Silent Night, Deadly Night

For as long as there have been slasher flicks, there have been holiday-based horror films – Black Christmas, Halloween, and of course late-period Garry Marshall.


This 1984 slasher about a murderous Santa (Robert Brian Wilson) who goes on a Christmas spree gained notoriety upon its release, thanks to its playful marketing with subversively festive posters and taglines – “He knows when you’ve been naughty.” There was public outcry from the USA’s National Parent Teacher Association, who claimed that TV adverts airing between episodes of Three’s Company and Little House on the Prairie were making their children scared of Santa Claus. This led to the distributors pulling the TV ads (which seems sensible) and eventually the film itself (which doesn’t, as there was presumably no way children would see it).

Axcellent poster.

In the real world, the only people who might actually object to negative representations of Santa Claus are professional Santas and Coca-Cola executives. What really offended conservative protesters was the film’s attack on the sanctity of Christmas, a sacred American institution due to the unique position it occupies in the Venn diagram of religion and capitalism. That’s why the film’s primary locations are a Catholic orphanage and a toy shop (with the unfortunate name of IRA’s TOYS). As it happens, the film plays out as a sustained attack on Catholicism. By drilling into him the lesson that “punishment is necessary, punishment is good,” the Mother Superior gives Billy (whose name is one of many Black Christmas references) the desire to punish people – for stealing, having sex, and… mostly just having sex.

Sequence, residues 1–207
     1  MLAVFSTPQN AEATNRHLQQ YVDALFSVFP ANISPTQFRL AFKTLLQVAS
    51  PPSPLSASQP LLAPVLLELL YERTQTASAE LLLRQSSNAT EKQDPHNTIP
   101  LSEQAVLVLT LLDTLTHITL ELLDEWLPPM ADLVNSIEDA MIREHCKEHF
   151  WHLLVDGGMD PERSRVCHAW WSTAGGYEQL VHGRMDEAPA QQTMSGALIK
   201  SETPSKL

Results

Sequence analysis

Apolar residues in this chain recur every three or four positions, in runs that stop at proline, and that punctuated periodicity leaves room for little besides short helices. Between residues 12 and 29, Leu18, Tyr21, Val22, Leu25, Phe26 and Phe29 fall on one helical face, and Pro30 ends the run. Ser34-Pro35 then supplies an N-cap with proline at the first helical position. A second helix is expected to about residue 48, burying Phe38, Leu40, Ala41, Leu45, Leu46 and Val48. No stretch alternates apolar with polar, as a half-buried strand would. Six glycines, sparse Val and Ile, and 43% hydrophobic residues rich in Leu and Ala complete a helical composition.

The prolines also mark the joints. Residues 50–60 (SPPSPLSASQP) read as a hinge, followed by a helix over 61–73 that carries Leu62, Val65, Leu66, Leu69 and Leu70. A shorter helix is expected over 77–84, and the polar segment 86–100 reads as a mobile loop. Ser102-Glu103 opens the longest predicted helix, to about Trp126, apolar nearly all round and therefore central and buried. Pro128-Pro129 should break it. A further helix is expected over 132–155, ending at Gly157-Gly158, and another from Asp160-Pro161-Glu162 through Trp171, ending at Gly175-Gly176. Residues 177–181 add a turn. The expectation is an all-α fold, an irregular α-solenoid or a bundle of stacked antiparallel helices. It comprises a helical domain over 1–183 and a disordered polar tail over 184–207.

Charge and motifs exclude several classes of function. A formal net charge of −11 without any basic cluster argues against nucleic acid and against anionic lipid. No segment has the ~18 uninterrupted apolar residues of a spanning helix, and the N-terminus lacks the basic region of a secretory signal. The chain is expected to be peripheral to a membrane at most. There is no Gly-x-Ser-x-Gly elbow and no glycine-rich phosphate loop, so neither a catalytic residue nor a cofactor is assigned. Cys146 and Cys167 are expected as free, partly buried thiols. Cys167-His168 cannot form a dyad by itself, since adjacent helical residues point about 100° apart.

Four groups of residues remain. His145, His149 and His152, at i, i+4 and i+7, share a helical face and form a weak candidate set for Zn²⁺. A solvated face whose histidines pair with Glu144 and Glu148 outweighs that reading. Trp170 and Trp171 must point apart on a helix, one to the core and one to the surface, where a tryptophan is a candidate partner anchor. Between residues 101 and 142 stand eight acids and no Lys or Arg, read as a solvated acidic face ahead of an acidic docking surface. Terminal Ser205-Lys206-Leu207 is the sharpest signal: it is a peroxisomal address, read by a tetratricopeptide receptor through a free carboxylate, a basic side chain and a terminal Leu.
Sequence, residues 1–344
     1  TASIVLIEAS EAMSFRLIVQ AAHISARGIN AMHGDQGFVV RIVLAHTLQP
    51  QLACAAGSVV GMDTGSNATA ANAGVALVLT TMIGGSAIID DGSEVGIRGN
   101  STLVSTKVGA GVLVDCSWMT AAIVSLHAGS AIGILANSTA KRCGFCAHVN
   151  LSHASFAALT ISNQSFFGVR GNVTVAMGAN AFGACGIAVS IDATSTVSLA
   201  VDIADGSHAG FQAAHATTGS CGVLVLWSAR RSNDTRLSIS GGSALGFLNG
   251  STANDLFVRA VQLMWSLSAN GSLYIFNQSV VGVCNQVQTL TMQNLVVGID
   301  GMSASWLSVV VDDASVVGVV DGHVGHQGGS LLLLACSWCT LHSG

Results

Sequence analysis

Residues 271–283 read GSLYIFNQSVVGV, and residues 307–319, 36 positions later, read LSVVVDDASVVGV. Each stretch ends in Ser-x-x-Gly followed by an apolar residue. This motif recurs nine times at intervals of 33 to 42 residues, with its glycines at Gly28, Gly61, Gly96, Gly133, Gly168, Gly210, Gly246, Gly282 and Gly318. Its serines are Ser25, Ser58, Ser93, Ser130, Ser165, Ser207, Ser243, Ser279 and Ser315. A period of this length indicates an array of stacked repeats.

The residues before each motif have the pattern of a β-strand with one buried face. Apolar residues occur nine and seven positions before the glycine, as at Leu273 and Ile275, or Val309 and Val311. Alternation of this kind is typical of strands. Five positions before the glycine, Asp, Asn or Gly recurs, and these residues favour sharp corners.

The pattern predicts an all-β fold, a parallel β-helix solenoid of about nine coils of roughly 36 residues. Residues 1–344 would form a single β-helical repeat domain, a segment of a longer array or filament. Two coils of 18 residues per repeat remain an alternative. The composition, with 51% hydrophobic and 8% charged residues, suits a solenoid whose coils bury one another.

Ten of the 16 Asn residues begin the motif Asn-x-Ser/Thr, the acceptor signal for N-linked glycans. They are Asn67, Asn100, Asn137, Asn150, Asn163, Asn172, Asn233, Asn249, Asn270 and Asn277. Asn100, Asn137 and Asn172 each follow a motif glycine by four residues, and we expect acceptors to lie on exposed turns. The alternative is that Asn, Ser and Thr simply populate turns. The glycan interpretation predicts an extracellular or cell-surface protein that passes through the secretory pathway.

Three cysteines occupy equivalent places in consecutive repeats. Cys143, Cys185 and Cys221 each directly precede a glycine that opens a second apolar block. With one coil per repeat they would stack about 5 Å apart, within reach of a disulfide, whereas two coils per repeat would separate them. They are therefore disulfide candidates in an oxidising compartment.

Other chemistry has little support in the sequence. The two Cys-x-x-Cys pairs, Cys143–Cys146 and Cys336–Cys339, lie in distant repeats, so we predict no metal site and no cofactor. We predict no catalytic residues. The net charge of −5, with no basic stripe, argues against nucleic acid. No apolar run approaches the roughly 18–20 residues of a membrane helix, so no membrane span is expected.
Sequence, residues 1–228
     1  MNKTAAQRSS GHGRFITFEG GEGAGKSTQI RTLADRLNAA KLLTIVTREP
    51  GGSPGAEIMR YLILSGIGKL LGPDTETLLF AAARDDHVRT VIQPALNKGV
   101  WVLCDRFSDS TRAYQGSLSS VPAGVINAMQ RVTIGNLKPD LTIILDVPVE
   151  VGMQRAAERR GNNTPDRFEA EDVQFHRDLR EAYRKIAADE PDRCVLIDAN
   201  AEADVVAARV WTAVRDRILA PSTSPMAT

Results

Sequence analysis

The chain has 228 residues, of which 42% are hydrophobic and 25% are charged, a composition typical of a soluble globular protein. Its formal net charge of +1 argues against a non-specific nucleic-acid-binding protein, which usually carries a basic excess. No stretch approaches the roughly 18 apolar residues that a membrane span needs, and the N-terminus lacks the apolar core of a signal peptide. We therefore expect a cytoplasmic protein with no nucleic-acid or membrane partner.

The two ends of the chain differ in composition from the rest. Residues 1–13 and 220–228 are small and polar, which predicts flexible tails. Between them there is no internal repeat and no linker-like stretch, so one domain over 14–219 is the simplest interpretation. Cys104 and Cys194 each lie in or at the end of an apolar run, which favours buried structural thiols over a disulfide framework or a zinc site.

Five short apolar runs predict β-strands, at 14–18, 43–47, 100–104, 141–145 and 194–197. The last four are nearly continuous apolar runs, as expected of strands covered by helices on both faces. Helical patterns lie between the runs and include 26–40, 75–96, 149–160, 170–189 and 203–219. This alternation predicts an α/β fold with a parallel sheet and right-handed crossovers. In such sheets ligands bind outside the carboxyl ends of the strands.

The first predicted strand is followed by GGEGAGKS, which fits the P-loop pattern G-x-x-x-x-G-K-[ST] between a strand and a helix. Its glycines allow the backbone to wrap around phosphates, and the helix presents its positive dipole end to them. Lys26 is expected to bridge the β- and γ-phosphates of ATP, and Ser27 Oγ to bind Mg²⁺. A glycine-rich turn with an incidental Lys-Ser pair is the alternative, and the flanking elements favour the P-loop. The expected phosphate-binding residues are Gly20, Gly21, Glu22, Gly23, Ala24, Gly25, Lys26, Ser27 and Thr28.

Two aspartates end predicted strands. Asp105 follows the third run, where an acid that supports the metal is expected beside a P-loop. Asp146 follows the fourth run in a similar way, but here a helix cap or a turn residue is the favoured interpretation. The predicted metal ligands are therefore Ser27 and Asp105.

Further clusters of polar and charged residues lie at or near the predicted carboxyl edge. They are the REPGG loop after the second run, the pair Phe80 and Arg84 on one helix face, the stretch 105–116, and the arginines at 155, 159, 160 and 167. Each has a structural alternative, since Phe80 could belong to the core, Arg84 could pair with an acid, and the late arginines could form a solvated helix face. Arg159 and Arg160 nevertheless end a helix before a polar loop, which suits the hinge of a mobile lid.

The issue isn’t that the movie makes Santa scary. Santa is scary. The issue is that this Santa isn’t scary. Incidentally, Futurama still has the best evil Santa. With none of Black Christmas‘ Hitchockian restraint or Krampus‘ creativity, Silent Night, Deadly Night is flatly directed and barely has enough material to pad out its short running time. As a result, the picture drags like Christmas itself. The boobs and butchery provide the occasional schlocky slice of Christmas evil, but the film’s salacious enjoyment of Billy’s punishment clearly undermines its message. And why would a toy shop sell a bow and arrow actually capable of killing someone? Oh right. IRA’s TOYS.

One response to “Silent Night, Deadly Night

  1. Pingback: Christmas Evil | Screen Goblin·

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